Nic-Cole came over to my house. I went to his. Hers. Nikki’s. I did not show her Julie’s leaf and I only said ‘Nikki’ when no one was around. I forgot once and Ms. Martinez heard kids laughing and made them stay inside at recess. She asked Nikki, “Have you talked to your parents about your, um, new name?”

            “They said I’m not allowed to change it.”

            “‘Nikki’ can be your name between us then.”


Spring bloomed cream and fussy pink over the dogwoods while the glimmer tree stayed bare. I was worried it had died until one morning when it shot out icy shards of crystal that popped and crackled outside our window during a spelling quiz. At recess, I was the only one who dared to climb the tree. I sat on a branch turning my head this way and that to smell time sweet on the breeze. I knew better than to touch the flowers. When I got close enough to sneeze from the pollen, for just a moment an old woman with my face hovered before me, glittering in tiny mucus droplets.

            Soon the tree rolled out fresh, greasy leaves and the flowers fell in bursts of light. Ms. Martinez gathered us at the window to watch our local meteor shower. No one wanted to play outside that day, not even me.

            The next morning, galaxies puddled the schoolyard. Groundskeepers shoveled mounds of dirt into their winking abysses and yet they didn’t get any fuller. Nikki climbed the tree and again found the leaf with the woman she would become. I hunted for the flat shape of my future, but still couldn’t find it.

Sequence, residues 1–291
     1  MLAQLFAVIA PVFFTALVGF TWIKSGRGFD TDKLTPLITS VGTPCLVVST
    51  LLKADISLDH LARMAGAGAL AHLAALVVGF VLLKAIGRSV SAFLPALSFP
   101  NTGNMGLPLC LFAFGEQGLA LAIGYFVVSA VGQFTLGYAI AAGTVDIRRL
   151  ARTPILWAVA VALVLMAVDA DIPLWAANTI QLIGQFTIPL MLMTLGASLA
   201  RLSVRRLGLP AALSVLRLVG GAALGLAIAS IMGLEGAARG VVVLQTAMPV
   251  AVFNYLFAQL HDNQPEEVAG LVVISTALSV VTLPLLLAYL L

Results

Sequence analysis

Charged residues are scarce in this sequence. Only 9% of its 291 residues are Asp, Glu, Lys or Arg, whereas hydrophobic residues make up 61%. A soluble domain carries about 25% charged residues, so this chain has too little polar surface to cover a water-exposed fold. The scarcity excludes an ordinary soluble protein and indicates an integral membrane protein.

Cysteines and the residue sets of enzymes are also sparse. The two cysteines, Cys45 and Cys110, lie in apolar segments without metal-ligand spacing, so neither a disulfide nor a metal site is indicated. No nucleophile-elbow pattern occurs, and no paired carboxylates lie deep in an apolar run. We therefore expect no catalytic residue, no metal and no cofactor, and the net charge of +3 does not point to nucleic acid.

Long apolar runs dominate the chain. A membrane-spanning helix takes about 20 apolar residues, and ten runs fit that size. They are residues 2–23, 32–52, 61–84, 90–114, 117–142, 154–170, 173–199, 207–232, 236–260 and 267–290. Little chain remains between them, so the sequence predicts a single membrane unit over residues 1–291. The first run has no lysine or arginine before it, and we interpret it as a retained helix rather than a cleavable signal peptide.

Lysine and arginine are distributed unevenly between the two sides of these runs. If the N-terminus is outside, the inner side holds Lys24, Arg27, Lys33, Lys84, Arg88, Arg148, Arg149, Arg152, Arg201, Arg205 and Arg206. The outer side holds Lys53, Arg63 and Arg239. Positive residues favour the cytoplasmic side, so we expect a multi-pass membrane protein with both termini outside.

At home, Julie’s leaf was dying, turning brown and spidery with mold. I brought it back to school and combed the tree for a leaf-place I thought she might like.

            She was fond of the ocean, but I couldn’t find the leaf with the starry sea creatures. This turned out to be a good thing. I found a sandy beach and when I pressed the two shimmering faces together, Julie, her family, and her sofa tumbled out onto the shore. Luckily, I hadn’t torn this leaf off, so I left it alone and told Nikki to tell everyone I’d beat them up if they went near the tree — not that anyone else did by then. I just didn’t want Julie’s beach to go away. Where would she go if it did?

            I kept looking for my future. I found what I thought was a mirror of now, but behind leaf-me were shadows to touch, to trip over, shadows of things that would never fit here because we were their dreams.

            Julie came back to school with a suntan and visited Dr. Sarah every morning before math. I was afraid she wouldn’t talk to me, but I don’t think she knew I’d kept her leaf. No one ever found her old house. She came to mine sometimes, and at sleepovers my heart pinched when she rolled off the bed with nightmares. Eventually I stopped asking her over, stopped calling her back.

            At an assembly in June, Principal York told us our school was growing. We had such marvelous test scores, every kid wanted to come.

            Nikki raised her hand. “Do they know that people disappear?”